Nicola Sturgeon accuses PM of acting like dictator on ‘dark day for democracy’
The SNP leader pledged the PM’s plan would be ‘fiercely resisted’ by her party.
Nicola Sturgeon has hit out at the Prime Minister over his bid to suspend Parliament, accusing Boris Johnson of acting like a “dictator” by pushing through an “outrageous assault on basic democratic principles”.
The Scottish First Minister joined a chorus of outrage at the PM’s plan, which would see the Commons shut down for more than a month in the run-up to Britain’s European Union departure date.
The Prime Minister’s actions make it “clearer than ever that Scotland cannot be properly served by a shambolic, crumbling Westminster system, and that our future lies as an independent country”, she added.
Mr Johnson, however, insisted there would still be “ample time” for MPs to debate Brexit either side of a crunch EU summit on October 17 – despite seeking a parliamentary suspension from around September 11 until the State Opening on October 14.
But Commons Speaker John Bercow labelled the move a “constitutional outrage”, saying he had not been consulted.
And Ms Sturgeon said: “This is a dark day for democracy. Attempting to shut down Parliament to force through a no-deal Brexit is an outrageous assault on basic democratic principles.
📣 @NicolaSturgeon: “Shutting down Parliament in order to force through a no-deal Brexit, which will do untold and lasting damage to the country against the wishes of MPs is not democracy, it’s dictatorship." pic.twitter.com/lRMV0vfl7m— The SNP (@theSNP) August 28, 2019
“In doing so, Boris Johnson is acting more like a dictator than a prime minister in what is still supposed to be a parliamentary democracy.
“Instead of this abuse of process Boris Johnson should have the courage of his convictions and call a general election.”
The SNP leader pledged the PM’s plan would be “fiercely resisted” by her party and other opposition politicians in the House of Commons, urging Conservatives who are “concerned about the direction their party and government is taking” to speak out against the Government.
Ms Sturgeon also called on Scottish Tory leader Ruth Davidson to join in actions to try to halt Mr Johnson, stating that she “keeps telling us she opposes a no-deal Brexit – today she must say what she will do to help stop it”.
SNP depute leader Keith Brown however claimed that the Scottish Conservative chief had “gone into hiding”, along with other leading figures in her party.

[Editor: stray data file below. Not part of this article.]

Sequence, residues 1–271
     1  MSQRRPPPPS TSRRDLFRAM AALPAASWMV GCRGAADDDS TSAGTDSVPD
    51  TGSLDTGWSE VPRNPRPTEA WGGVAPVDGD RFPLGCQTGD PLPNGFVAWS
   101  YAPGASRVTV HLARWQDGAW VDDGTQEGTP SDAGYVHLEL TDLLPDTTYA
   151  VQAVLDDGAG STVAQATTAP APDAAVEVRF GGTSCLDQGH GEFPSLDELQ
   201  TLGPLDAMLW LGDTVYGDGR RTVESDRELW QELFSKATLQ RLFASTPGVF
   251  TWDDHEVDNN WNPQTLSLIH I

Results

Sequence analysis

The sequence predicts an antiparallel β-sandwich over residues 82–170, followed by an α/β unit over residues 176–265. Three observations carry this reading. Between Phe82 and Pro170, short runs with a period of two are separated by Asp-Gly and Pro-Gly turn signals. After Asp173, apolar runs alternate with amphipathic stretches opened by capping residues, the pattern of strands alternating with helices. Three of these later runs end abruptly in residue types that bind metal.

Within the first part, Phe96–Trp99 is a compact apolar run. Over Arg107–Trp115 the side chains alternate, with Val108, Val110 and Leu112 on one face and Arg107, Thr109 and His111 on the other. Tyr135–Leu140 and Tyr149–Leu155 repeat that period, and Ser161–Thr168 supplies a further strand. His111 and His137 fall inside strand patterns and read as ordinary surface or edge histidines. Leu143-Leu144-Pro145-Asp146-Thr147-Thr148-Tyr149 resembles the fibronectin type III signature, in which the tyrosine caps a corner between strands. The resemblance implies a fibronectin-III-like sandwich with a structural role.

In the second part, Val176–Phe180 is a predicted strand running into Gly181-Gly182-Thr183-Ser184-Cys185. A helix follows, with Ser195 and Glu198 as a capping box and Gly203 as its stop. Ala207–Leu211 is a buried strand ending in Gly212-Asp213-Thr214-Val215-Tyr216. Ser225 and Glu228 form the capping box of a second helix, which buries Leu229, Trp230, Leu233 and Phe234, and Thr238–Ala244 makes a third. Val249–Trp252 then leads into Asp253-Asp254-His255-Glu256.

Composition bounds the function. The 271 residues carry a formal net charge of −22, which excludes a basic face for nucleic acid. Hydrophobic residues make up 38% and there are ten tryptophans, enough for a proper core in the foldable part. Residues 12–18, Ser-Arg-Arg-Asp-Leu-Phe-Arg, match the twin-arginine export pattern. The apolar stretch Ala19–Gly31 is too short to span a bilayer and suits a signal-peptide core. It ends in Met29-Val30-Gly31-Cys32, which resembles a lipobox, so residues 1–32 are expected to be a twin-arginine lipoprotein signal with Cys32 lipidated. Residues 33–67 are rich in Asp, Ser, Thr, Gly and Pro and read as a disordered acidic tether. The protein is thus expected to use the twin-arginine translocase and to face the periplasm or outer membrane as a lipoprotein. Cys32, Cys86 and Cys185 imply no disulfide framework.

Scottish Secretary Alister Jack cancelled media interviews which had been scheduled to take place in Edinburgh on Wednesday morning.
Addressing journalists gathered outside the Scotland Office, Mr Jack said: “I’m absolutely delighted the Prime Minister is going to have a Queen’s Speech on October 14.
“It’s a very good step forward in having a Queen’s Speech. We’ve had a long Parliament. We need a Queen’s Speech to deliver, as he said on the steps of Downing Street, an exciting legislative programme for this new government.
“What will then happen is there will be a debate on that and there will be time enough to discuss Brexit and many other things in the Queen’s Speech ahead of us, hopefully getting a good deal from the European Union at the Council of Ministers meeting on October 17.”
Mr Jack added: “This is no different to what we’ve had, bar a few days, every day since Tony Blair’s premiership.
“We have always had a conference recess. This is the conference recess with a few days added on. We don’t need to come back and prorogue Parliament for the Queen’s Speech, we’ll do it before we leave, we’ll have the Queen’s Speech and there’s ample time for debate.”
Amid the outcry a group of more than 70 cross party MPs and peers launched a legal bid to try to stop Mr Johnson from proroguing Parliament.
Jolyon Maugham QC, director of the Good Law Project, which is supporting the move, confirmed a motion had been filed at the Court of Session in Edinburgh.
We have filed a motion asking the Court of Session to suspend the Prime Minister's request that Parliament be suspended. pic.twitter.com/vkdRofpNsV— Jo Maugham QC (@JolyonMaugham) August 28, 2019
Meanwhile, Scottish Liberal Democrat leader Willie Rennie hit out at what he branded “an Eton coup and a democratic outrage”.
He added: “I hope that Ruth Davidson will join the chorus of condemnation that this decision deserves and confirm that Scottish Conservatives will oppose any measures to prevent Parliament having its say.”
Scottish Greens co-Leader Patrick Harvie said: “Boris Johnson led a Leave campaign which cheated and broke the law to win.
“It’s no surprise that now he’s the Prime Minister he is continuing his assault against democracy.
“If we need to ‘take back control’ from anyone, we need to take it back from him.”